Safety in Scuba Diving
Veteran salesman Edwin Shoffner has over two decades of experience in mattress retailing, merchandising, and marketing. He is currently the president of Mattress Wholesale LLC and Mattress By Appointment in Greenville, South Carolina. Alongside, Edwin Shoffner is a scuba diving enthusiast with certifications in Advanced Open Water and in Rescue Diving.
While scuba diving is an exhilarating underwater activity, it comes with inherent risks such as drowning, equipment malfunction, decompression sickness (when nitrogen bubbles form in the body, leading to fatigue and dizziness), and barotrauma (changes in pressure resulting in sinus pain, ear pain, or ruptured lungs). However, one can minimize these risks with proper training and necessary safety measures.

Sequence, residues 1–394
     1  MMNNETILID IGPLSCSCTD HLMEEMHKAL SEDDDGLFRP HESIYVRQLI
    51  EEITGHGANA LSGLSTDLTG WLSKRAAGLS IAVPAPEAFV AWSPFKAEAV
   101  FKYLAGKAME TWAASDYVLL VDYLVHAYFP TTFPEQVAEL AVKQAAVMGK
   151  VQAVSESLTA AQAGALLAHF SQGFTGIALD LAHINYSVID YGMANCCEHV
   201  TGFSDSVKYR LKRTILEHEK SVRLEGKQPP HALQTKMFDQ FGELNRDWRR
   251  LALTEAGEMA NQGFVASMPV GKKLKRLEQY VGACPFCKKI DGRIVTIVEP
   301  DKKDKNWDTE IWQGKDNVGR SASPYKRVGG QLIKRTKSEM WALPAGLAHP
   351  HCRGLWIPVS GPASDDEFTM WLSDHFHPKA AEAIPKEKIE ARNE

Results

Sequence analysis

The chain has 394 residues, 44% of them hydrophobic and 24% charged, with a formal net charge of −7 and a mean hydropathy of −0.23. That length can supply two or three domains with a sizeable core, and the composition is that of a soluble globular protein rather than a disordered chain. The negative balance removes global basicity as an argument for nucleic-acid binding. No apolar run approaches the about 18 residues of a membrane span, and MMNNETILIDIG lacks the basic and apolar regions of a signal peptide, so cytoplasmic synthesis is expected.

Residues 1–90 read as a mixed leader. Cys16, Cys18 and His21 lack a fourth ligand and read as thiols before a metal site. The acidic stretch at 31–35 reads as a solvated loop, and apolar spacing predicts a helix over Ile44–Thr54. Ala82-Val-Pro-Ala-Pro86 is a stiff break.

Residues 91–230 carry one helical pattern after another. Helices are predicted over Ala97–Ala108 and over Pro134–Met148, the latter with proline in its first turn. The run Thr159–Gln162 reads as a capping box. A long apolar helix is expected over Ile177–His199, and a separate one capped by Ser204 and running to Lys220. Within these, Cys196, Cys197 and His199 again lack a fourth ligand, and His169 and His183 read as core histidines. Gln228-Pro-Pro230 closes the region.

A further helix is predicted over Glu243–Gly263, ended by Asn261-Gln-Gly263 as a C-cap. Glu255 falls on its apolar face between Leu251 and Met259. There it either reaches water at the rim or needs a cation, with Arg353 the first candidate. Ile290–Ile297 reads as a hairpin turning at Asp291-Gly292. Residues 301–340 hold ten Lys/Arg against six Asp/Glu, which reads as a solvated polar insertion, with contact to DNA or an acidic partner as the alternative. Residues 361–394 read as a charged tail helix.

Before entering the water at all, divers should ensure that they are in good health, have adequate stamina, and will not be affected poorly by the changes in water pressure. For first-time divers, a medical consultation is helpful; as with many sports, it is essential to avoid drugs and alcohol before participating, and certain medications may also impact how a diver interacts with the water. They should also familiarize themselves with the area they are diving in, with the local marine life, tides, currents, and potential risks to themselves and the ecosystem.
Both new and seasoned divers should make a habit of checking their equipment beforehand. They must also follow all diving instructions, equalize their ears (i.e., equalizing the pressure between the outside environment and your middle ear), and mask during descent. While at depth, staying within the safety parameters can prevent decompression sickness and ascend slowly with normal breathing, avoiding holding their breath.